Why IoT Trends Make Pandio (Powered by Apache Pulsar) the Right Choice
IoT (Internet of things) is the future of technology automation. The IoT use case requires a different type of processing due to the following characteristics:
- The high volume of streaming data from multiple sources
- Requires support for time-series data
- The need to provide storage capability for time series data
- Complex analytic techniques for processing the data
- Requires distributed analytics
- Integration with real-time systems
- Multi-direction communication
Apache Pulsar supports a serverless architecture and helps us to execute user-defined functions. These functions take the input data and transform it into output data with every event that is published to the input topic. They also write the output data to the output topic, easily enable filtering, and support routing while executing the analytics. Apache Pulsar supports the concurrent execution of the analytics that make it possible to have support with IoT.
For example, let’s say you want to implement home automation. You want your television to play the latest movie, the room temperature to be automatically controlled, and you want to ensure the lights are dimmed during the moving. This, along with your entire home automation, can easily be implemented with Apache Pulsar.
All of the home equipment used in your home automation are IoT enabled devices that are streaming data using the gateway systems. The data collection agents are running and collecting data from multiple sources.
Apache Pulsar messaging system plays a critical role in this, as it needs to run the analytics as real-time processing and generate output. This output is then redirected to the home devices, where it then handles the command based on the given input.
Apache Pulsar Functionality vs Other Messaging Tools
Compared to other messaging tools, the key difference with Apache Pulsar is the ability to perform distributed analytics on the edge and reduce the amount of data that is transferred back to the cloud or on-premise data center. The distributed analytics generates the results that only need to be transferred back to the data center. This feature also helps us calculate the IoT results with higher accuracy.
As an example, let’s look at energy companies, who often use IoT techniques to demand energy generation. Energy companies can install smart meters acting as IoT devices, or input data collectors. These IoT devices collect data and send it to the Apache Pulsar messaging system. The system sends the output to the real-time application or analytics processors, which generates the output to either alert the power generation station if more or less demand is needed.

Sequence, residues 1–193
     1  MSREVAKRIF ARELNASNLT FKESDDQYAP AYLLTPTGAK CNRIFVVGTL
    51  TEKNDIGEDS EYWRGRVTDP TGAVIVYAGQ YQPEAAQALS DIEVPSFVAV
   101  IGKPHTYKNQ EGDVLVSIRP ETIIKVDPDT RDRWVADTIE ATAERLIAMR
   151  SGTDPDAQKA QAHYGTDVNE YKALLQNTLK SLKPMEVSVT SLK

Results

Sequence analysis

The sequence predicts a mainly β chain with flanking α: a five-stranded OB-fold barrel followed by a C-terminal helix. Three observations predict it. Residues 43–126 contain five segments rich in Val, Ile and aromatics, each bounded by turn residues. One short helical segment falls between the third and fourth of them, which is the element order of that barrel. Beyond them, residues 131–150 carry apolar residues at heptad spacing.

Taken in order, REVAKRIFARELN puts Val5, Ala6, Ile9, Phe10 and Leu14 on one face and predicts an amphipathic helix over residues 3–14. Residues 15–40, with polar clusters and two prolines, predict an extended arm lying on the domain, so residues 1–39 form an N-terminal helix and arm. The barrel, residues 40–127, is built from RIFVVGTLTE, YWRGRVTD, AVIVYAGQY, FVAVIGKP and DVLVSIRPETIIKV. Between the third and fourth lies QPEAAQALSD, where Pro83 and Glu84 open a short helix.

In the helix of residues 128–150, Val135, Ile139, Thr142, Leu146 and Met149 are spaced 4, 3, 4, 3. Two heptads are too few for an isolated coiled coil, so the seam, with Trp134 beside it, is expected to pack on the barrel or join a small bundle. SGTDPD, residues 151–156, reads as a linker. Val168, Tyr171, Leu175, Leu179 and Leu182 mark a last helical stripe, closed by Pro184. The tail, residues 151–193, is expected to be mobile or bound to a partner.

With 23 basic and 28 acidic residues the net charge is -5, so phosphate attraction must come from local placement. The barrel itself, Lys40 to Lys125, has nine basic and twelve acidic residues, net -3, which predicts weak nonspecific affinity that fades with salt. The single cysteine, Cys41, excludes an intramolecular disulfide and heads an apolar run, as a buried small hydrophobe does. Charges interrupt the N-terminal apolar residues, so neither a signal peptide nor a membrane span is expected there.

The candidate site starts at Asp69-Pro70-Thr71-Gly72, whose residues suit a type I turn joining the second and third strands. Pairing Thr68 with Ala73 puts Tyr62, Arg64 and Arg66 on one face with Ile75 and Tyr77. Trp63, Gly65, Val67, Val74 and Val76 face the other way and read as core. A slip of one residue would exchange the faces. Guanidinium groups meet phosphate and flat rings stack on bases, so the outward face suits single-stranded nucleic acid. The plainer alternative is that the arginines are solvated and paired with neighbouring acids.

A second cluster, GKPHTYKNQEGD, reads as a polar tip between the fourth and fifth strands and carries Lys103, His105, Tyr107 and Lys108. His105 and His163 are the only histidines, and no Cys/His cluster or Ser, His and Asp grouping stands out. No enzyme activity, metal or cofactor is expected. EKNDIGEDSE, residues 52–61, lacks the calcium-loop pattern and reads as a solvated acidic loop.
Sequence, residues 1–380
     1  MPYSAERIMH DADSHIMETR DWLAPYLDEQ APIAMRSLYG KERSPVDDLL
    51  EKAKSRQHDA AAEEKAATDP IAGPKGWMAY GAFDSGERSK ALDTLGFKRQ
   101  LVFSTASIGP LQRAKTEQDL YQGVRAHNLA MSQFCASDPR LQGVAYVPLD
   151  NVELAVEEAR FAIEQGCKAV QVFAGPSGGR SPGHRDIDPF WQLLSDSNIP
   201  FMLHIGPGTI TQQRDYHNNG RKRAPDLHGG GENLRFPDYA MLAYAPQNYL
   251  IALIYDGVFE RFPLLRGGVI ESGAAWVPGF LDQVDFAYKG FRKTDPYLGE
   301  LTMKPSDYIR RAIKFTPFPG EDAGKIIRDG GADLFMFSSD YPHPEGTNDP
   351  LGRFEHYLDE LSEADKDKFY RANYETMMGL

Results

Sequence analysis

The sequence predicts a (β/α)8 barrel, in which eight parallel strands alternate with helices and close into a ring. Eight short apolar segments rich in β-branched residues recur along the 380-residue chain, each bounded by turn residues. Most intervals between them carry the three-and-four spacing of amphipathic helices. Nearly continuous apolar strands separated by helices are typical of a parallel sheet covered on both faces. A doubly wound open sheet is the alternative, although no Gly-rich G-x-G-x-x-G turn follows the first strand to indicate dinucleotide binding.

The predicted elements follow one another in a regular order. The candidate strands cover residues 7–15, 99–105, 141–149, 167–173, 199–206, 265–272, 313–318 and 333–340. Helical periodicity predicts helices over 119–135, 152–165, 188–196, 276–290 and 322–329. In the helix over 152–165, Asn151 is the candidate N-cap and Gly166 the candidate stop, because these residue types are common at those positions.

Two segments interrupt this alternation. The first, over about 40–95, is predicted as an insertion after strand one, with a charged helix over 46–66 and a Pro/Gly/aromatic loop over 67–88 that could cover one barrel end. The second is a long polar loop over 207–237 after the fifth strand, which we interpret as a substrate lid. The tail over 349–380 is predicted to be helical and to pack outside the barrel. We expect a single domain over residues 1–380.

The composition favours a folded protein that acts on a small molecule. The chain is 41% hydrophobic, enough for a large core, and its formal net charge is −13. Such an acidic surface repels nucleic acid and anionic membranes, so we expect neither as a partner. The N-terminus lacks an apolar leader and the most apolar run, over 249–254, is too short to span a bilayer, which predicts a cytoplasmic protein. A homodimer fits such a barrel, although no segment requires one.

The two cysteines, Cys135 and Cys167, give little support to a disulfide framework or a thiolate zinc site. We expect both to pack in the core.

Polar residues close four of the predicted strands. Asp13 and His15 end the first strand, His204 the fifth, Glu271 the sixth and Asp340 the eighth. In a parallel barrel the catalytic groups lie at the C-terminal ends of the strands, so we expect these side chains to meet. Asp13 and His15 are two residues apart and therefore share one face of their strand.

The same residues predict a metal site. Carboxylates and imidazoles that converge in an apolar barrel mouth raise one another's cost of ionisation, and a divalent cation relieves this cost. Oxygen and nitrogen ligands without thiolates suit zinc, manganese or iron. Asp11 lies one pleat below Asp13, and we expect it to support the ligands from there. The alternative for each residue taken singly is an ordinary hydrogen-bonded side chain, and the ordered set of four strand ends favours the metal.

The key support for an IoT use case is the requirement of a streaming system with durable log storage. Apache Pulsa supports both of these requirements, unlike other solutions currently available on the market. Apache Pulsar supports:
- Apache Pulsar Cloud
- Apache Pulsar Edge
- Apache Pulsar Device
The Advantage of Apache Pulsar
Perhaps the biggest advantage of Apache Pulsar is the separation of storage from the actual processing. This means the processing can scale without impacting storage, and the storage size can scale without impacting processing power.
Apache Pulsar also supports multi-tenancy features that make it ideal for running the IoT use cases. This allows it to easily scale up and down, based on the IoT use case requirement. Apache Pulsar also supports the application written in Java, C, C#, and many other languages.
Let’s take a look at a smart security system as an example using Apache Pulsar. Smart security systems often require having machine learning with IoT. If you have multiple cameras installed in your home, and the cameras are all certified IoT devices, the security cameras can track movement or motion and send the images to a machine learning application. IoT devices produce events that are written to the input topic, and the Pulsar function reads the input topics and processes the output. The output is then written to the output topic, and the logs are written to the log topic. This is the perfect example of an IoT use case with machine learning capabilities.